Georgia Tech freshmen hearing it from Josh Pastner

Georgia Tech freshman point guard Jose Alvarado eludes forward Sylvester Ogbonda in a Yellow Jackets practice on October 10. (Danny Karnik/GT Athletics)

Credit: Danny Karnik

Credit: Danny Karnik

Georgia Tech freshman point guard Jose Alvarado eludes forward Sylvester Ogbonda in a Yellow Jackets practice on October 10. (Danny Karnik/GT Athletics)

Thursday was Moses Wright’s turn. At the end of a practice that did not meet Georgia Tech coach Josh Pastner’s standards, the freshman forward from Raleigh, N.C., was blistered by Pastner as the team gathered together to close out the session.

The essence of Pastner’s voluble challenge was that if Wright doesn’t practice with more effort, he won’t make it as a Yellow Jacket. In the huddle, Wright’s three fellow freshmen stood quietly, perhaps relieved that they weren’t the target of Pastner’s ire for this day.

“That’s every day,” said guard Curtis Haywood, one of the other three.

The Jackets are about a month deep into preseason practices with just two weeks to go before the season tips off in Shanghai against UCLA. On Saturday, Tech will play Georgia State in an exhibition game at McCamish Pavilion to raise money for hurricane relief. For Pastner’s freshmen – point guard Jose Alvarado, forward Evan Cole, Wright and Haywood – it will be an opportunity to understand the level of energy that Pastner is demanding.

“It’s very common for freshmen because they just don’t know,” Pastner said. “They don’t know.”

The attempts by Pastner and his staff to elevate the freshmen’s energy level is critical because all four have a chance to be in the rotation. Cole and Wright are competing with Abdoulaye Gueye for the “stretch-4” power-forward spot that Quinton Stephens filled admirably last season. Alvarado and sophomore Justin Moore will share point-guard duties. Tadric Jackson will start at shooting guard, but Haywood would seem the logical sub for him.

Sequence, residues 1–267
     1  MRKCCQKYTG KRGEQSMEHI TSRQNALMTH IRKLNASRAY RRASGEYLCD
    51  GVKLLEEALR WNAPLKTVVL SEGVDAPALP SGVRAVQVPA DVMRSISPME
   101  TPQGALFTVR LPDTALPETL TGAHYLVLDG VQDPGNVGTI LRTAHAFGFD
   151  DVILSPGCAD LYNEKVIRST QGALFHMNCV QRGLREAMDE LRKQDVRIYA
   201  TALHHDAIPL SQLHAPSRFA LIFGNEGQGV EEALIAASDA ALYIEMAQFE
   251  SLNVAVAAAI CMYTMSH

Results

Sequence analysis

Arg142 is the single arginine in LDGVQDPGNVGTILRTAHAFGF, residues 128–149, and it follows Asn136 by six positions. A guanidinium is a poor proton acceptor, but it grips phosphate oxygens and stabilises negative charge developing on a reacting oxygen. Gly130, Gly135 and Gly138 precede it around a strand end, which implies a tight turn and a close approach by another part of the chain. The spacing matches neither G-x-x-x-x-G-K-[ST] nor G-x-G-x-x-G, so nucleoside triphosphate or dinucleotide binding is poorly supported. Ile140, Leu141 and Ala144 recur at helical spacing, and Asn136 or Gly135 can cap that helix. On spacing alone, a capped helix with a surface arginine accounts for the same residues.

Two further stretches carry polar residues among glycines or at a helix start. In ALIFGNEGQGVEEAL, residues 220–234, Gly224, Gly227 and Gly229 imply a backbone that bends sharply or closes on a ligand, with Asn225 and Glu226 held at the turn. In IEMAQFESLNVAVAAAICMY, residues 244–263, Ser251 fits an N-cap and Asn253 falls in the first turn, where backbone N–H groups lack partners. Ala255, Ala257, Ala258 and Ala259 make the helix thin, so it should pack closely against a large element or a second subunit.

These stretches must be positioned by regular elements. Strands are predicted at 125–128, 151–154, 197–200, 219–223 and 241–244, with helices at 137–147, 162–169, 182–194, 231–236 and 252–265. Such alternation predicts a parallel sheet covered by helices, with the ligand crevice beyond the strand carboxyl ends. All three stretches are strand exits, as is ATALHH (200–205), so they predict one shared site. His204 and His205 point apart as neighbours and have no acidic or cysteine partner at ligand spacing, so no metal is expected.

Going into Pastner’s second season, center Ben Lammers and Okogie – both named to the preseason All-ACC team after leading the Jackets to the NIT finals last season – and Jackson give Tech a solid core, along with Moore, to a lesser extent. After that, the next most experienced player, Gueye, played 202 minutes last season.

“We have no choice,” Pastner said. “Those freshmen are going to have to play and produce.”

Further, while Okogie demonstrated last year that recruiting rankings don’t mean everything, this isn’t a heralded group of freshmen. Alvarado is the relative star of the group, rated the No. 166 prospect in his class by the 247 Sports composite rankings. Peak effort is all the more a necessity to handle the rigors of the ACC.

The freshmen are well aware of the raised expectations. Alvarado said he realized the change he had encountered in his first workout of the summer when he was run ragged.

“I thought I was the best shape I could be in,” he said. “They proved to me that I’m in the worst shape.”

Wright said that in high school, without much competition on his team, he didn’t practice with the same intensity. It has been a huge transition.

“I didn’t have to bring it every day in high school in practice,” he said. “Now I’ve tried to switch over where I have to bring it every day.”

Asked the toughest part of the adjustment, Cole answered, “Probably the expectations of how fast you need to play, and Coach’s expectations on how fast you need to cut and the pace we play at. You’ve just got to be in the best shape possible.”

Beyond effort and attention to detail, there’s the small matter of playing against a higher grade of competition – bigger, faster and taller. Pastner said the freshmen might have been overwhelmed in the team’s private scrimmage against Auburn on Sunday.

“Like Coach said, ‘Those were boys and this is men,’” Alvarado said. “It’s a big difference. It’s college basketball.”

The scrimmage will begin at noon. Tickets are $20, $5 for students from both schools with ID. The last time the two teams met was December 2008.

“We look forward to playing Georgia Tech and partnering on such a worthy cause,” Georgia State coach Ron Hunter said in a statement. “This is about a lot more than basketball. This is about helping those who were effected by three devastating storms. Our guys are looking forward to getting out on the court.”